Nothing brings more joy to a family than the birth of a child. In New Orleans, however, that joy is all too often tempered by news that the infant has low birthweight.
A low birthweight baby weighs less than 5.5 pounds at birth. Low birthweight is more prevalent among African-American women, regardless of marital status, age, or whether or not the mother smokes. The rate stays constant even across income levels, from extreme poverty to wealth. "Either way, that black woman still has a 2-to-1 chance of having a low birthweight baby," says Gail Gibson, head of Maternal Child Health for the Medical Center for Louisiana, which encompasses University and Charity hospitals and is the birthplace of 70 percent of this city's babies.
In the state of Louisiana, one in 10 babies are low birthweight -- the second-highest rate of low-birthweight babies in the nation, according to the 2002 Kids Count data book. (Mississippi, which ranked last, had a low-birthweight rate only 0.3 percent worse than Louisiana's.) The Kids Count book, compiled and published annually by the Annie E. Casey Foundation, ranks states from 1 to 50 on factors that affect child and family well being. Locally, the group Agenda for Children compiles a similar book, Kids Count Louisiana, which breaks down this data for each parish in the state.
Louisiana typically falls near the bottom of the Kids Count rankings, and 2002 was no exception. Overall, Louisiana ranked 49th (once again, just barely ahead of Mississippi). Our state came in at or near the bottom in four key areas: percentage of low birthweight babies; percentage of children in poverty; percentage of children living in families in which no parent has full-time, year-round employment; and percentage of families headed by a single parent.
Reports such as these are troubling and raise an obvious question: "What can we do?" When it comes to the problem of low birthweight babies, the unfortunate answer is that in at least half the cases we don't yet know. According to the National Institutes of Health, one of the greatest research challenges before us is deciphering "the underlying reasons for ethnic variations in low birthweight and preterm delivery."
It's a mystery that affects Louisiana every day. Low birthweight babies have extremely high infant-mortality rate. Survival is also costly -- some of the tiniest babies require more than a half-million dollars worth of care before they leave the hospital for the first time. There are long-term effects as well. Low birthweight babies are more at risk for a number of problems, including chronic lung disease, brain damage, mental retardation, cerebral palsy and blindness. Some will grow up with trouble learning, and some will suffer numerous health problems into adulthood.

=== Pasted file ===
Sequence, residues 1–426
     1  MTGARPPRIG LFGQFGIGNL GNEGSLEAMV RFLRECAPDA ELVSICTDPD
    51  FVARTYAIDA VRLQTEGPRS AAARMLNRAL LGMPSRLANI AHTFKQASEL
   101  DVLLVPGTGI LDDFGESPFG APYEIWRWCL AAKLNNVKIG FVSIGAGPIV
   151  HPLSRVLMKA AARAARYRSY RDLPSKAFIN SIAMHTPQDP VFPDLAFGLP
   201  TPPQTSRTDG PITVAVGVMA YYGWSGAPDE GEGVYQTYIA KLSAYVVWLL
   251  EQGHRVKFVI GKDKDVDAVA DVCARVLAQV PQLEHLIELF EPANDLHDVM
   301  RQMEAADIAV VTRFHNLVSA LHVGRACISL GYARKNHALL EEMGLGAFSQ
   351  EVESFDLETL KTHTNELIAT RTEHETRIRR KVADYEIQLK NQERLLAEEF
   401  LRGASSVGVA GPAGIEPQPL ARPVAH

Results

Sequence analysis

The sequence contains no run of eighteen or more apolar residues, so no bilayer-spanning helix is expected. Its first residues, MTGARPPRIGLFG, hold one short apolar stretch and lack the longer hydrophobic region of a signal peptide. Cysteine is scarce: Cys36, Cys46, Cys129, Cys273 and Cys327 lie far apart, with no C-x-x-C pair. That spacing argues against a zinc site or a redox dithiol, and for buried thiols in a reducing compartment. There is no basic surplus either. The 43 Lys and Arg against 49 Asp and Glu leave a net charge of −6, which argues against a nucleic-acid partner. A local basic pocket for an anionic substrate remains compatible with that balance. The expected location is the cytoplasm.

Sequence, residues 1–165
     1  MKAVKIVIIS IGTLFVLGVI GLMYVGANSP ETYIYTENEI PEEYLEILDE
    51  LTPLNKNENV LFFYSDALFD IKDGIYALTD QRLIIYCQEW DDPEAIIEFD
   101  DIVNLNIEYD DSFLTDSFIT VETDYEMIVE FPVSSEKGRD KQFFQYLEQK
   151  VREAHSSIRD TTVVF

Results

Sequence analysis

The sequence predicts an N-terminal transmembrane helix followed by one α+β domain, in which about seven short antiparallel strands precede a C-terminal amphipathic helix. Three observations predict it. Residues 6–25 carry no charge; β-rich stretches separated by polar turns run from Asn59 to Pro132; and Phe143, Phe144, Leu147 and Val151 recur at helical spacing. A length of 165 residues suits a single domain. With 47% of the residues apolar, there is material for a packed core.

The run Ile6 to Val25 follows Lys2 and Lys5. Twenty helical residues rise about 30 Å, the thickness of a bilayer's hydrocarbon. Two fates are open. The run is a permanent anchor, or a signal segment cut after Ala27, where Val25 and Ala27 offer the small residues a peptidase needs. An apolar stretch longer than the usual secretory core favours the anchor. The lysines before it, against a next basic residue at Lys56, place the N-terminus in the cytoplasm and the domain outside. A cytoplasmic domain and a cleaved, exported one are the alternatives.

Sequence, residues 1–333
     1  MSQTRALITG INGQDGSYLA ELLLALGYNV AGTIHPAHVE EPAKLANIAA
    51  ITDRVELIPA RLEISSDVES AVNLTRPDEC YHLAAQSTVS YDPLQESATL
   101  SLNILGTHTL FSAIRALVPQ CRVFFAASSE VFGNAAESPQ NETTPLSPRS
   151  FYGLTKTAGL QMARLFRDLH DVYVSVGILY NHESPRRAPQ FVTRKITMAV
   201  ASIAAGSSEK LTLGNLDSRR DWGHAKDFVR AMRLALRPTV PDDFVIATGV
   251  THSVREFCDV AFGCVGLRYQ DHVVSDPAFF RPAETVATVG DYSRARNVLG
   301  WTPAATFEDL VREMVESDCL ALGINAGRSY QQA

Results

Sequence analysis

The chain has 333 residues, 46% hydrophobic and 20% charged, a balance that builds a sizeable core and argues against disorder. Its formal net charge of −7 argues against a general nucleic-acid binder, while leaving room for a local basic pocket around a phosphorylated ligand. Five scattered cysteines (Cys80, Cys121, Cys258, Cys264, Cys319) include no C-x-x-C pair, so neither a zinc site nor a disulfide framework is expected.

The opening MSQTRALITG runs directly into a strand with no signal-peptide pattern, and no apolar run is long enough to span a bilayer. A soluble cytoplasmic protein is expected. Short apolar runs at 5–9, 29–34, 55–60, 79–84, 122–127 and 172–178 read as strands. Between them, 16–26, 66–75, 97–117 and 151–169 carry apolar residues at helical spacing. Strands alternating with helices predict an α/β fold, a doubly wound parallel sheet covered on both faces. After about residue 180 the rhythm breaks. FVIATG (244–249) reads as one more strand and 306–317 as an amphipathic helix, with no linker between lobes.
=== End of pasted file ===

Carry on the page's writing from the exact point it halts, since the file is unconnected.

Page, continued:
Half the babies born at low birthweight have known, traceable causes. To help these infants, the Louisiana Office of Public Health (OPH), with local advertising and public relations agency Keating Magee, launched a noteworthy campaign called Partners for Healthy Babies. The project, started in 2001, features a designated 24-hour helpline (800-251-BABY) and a distinctive television spot produced by Keating Magee that promotes early prenatal care for teens and young women.
In addition, OPH emphasizes early detection of infections, proper weight gain, and spacing between children -- all factors known to be connected to low birthweight. Yet there are many women of all classes, colors and ethnicities who have done everything they should for the health of their newborn and still go into labor months before their due date. Nearly one in five New Orleans babies were born as a result of labor that started preterm, or before 37 complete weeks of gestation. Preterm labor is connected closely to low birthweight babies.
Prenatal care is vital for the overall health of a newborn child. But some researchers, such as University of Michigan professor Dawn Misra, contend that the idea of prenatal care has been oversold as a solution to low birthweight. They note that prenatal-care rates have risen appreciably nationwide and yet the rate of low birthweight babies hasn't budged since the 1960s. Nationwide, Healthy Start agencies -- including the local group Great Expectations -- have begun to look at other factors that can affect women. Most experts in low birthweight babies now believe that stress is a key component. Perhaps, they suggest, daily stresses faced by African-American women in America cause higher rates of low birthweight.
Recognizing this possibility, some cities have discussed the idea of providing comprehensive medical care and other support services to women of childbearing age -- specifically those women who have miscarried within the past year. This is an idea worth considering here. We can't expect healthy, full-size babies from mothers who have been in poor health for the rest of the year. The cause of many low birthweight babies remains elusive, but increasing efforts to provide greater care for women and their unborn children would be one way to help ensure happy, healthy babies.